• Play back your work from the start and adjust the timing of the clips if needed.

Add Music and Sound Effects

Technically a podcast doesn’t need a soundtrack or sound effects, but it sure tends to make it more interesting! Click Control > Show Loop Browser. To add in some background music (especially as lead-in and lead-out elements of your podcast), you can create your own original music using the techniques covered in the Music Composing in GarageBand tutorial or just check out the many free ready-to-use songs available if you search for “jingles” in the Loop Browser. And don’t forget that you can just drag in audio files from the Finder into an unused area of the Timeline. Just don’t overwrite the contents in your existing track!

Just like you added jingles and soundtracks, you can also add sound effects. We recommend starting a new track for each sound effect you want to insert into your podcast. You’ll find many sound effects to experiment with in the Loop Browser, under the Sound Effects category. Of course, you are not limited to the supplied sound effects and can import (or record) your own. Also, if you find that a particular clip is too long, remember that you can split it and delete portions of it.

GarageBand supports an automated feature called Ducking. When Ducking is enabled by selecting Control Menu > Ducking, every track is designated as either a foreground or background track. Whenever a foreground clip starts playing, all of the background clips playing simultaneously will reduce in volume. So if you have background music, and then narration in the foreground, you’ll notice that the music quickly fades in volume so you can hear the narration. Once the narration is over, the music volume will ramp back up. A track is considered a background track or a foreground track based on whether the yellow Up button or the blue Down button is selected.

However, while the Ducking feature is convenient, it tends to fade tracks up and down too abruptly for my tastes. Alternatively, you can exercise fine control of the volume by viewing the Automation info for the Track. Do this by clicking the 5th button below the Track’s name. (It looks like an upside-down triangle.) You should see a new row called Track Volume. Now you can add control points to the blue volume line. By dragging the blue control points around, you can create audio fade ins and fade outs. More information about this feature is available in the Music Composing in GarageBand tutorial.

Tutorial Tasks:

  • For the tutorial, I selected the Yearbook Short tune from Jingles section and inserted it into a new track. Not only did I decide to move it all the way to the beginning of the podcast, but I decided I wanted the music to come in a little bit before the narration. So I had to select everything in the Narration track and drag it further right on the Timeline so that the music would come in loud first, then the narration would enter at about 00:05.000. Play the podcast from the beginning to judge if it sounds right. If you have Ducking enabled, you should notice its effect as soon as the narration track starts.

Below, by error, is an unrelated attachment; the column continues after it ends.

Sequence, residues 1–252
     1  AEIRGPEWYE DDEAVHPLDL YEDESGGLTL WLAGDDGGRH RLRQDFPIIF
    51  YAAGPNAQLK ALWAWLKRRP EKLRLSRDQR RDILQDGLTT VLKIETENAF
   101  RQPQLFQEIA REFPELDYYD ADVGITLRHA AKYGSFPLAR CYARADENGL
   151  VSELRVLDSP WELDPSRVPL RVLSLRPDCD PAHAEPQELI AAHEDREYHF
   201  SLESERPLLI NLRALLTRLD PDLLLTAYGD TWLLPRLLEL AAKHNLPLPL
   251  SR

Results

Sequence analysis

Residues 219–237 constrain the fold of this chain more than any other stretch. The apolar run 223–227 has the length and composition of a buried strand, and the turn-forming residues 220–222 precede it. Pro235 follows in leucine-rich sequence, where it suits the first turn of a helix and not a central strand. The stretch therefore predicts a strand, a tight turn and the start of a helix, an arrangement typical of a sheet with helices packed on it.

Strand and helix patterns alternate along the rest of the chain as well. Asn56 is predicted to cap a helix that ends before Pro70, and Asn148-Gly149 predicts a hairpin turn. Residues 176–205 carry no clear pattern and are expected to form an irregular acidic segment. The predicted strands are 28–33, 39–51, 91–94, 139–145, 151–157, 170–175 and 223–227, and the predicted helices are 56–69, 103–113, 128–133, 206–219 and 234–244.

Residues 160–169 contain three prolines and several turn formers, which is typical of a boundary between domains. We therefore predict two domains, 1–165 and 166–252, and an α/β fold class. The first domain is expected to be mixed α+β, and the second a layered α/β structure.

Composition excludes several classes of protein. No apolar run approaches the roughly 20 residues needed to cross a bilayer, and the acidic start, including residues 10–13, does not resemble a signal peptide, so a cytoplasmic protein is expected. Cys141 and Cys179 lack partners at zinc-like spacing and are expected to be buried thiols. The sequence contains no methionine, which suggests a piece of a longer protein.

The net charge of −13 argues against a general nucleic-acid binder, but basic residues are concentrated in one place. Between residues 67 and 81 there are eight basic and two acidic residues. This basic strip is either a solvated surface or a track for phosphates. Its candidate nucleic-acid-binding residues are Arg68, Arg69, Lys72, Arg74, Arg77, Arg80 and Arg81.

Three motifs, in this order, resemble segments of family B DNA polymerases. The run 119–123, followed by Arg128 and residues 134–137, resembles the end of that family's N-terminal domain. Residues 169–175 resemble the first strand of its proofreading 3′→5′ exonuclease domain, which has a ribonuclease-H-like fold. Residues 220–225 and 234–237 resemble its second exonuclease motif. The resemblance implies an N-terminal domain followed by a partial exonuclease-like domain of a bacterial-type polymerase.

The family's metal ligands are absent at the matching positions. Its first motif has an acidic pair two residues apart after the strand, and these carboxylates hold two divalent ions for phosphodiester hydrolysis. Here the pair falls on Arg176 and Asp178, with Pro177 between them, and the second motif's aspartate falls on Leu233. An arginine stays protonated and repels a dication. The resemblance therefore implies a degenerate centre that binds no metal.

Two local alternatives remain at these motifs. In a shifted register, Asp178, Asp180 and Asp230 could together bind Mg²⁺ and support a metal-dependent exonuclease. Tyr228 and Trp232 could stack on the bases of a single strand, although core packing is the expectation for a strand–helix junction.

• Next, I decided I wanted a subtle clock ticking sound effect as I was saying “Meyer Minute”. The best one I could find by searching through the Loops Browser was something called Clock Wind Up. Add it as a new track in your project. Make the ticking sound start right around when I say “Meyer Minute” and Split and Delete any excess in the clip so it stops ticking after I start saying, “In today’s Meyer…”
  • The contrived “Meyer Closing” announcement near the end is going to need some work to make it sound, well, less contrived. Delete the current version of the announcement and replace it by dragging meyer_minute_announcement.mp3 into a new track, roughly in the same position as the old announcement. Once you add a new track, you can rearrange their vertical display order by dragging the tracks by their name. For example, I dragged the announcement track to be immediately below the narration track so that I could line up the audio more easily.
  • GarageBand provides a number of cool effects for enhancing the vocals. Double-click on the Announcement track and try some different vocal effects listed in the Track Info panel. I found the Female Rock Vocals effect to give me the most convincing echo effect to sound like an announcement made over the PA system.
  • I added a number of other effects too, such as “Pulsing Sweep” when the host says “Once shrouded in mystery…”, “Cricket” sounds when he talks about not being open until midnight, and several overlapping instances of “Pulsing Logo Accent” to add some tension and drama to the otherwise very boring recitation of Meyer’s hours of operation. (I didn’t find a drum roll sound effect, so I found an alternative.) You should be able to find these same sound effects in the Loops browser by searching for the names. Feel free to experiment with other sound effects and jingles as well!
  • Feel free to adjust the timing of the audio wherever you feel it’s appropriate. Sometimes the pauses between phrases and sound effects need to be tweaked to produce the perfect balance. This is a very subjective process, so just drag the audio clips around and see how it sounds. You can always use Edit Menu > Undo if you need to go back.
  • The last step in this phase is to tweak the mixing of the audio tracks, especially the fade ins and fade outs. To do this, I carefully review each sound effect in context with the Track Volume graph open in the Timeline. That way I can gradually make sound effects fade out and prevent abrupt and distracting endings to sound effects and music.
  • For reference, feel free to compare your work with the finished sample called meyer_minute_done.mp3. You can also see a partial view of the sample work in the first screenshot at the top of this page.

Finalizing and Exporting

Give your podcast a final review to see if there are other ways to clean it up. Make sure the tiny purple End Marker is set near the actual end of your podcast. When you are satisfied with the results, it’s time to export your work. The easiest format to use for audio podcasts is MP3. (But the AAC must be used if you use enhanced podcast features, which are not covered in this tutorial.) Click Share > Export Song to Disk. Then select Compress Using: MP3 Encoder, and Audio Settings: Musical Podcast since it contains some background music. Click the Export button and specify a location to save it.

If you have trouble exporting your song as an MP3 from GarageBand, try exporting the MP3 file again with a short filename. Open up your new MP3 file in your player of choice to check it out. Congratulations! Now you just need a website to publish your podcast.

Next Steps

If you enjoyed this tutorial and don’t already have Apple iLife ’09, support my site by getting it and the accompanying Apple Training Series book through here!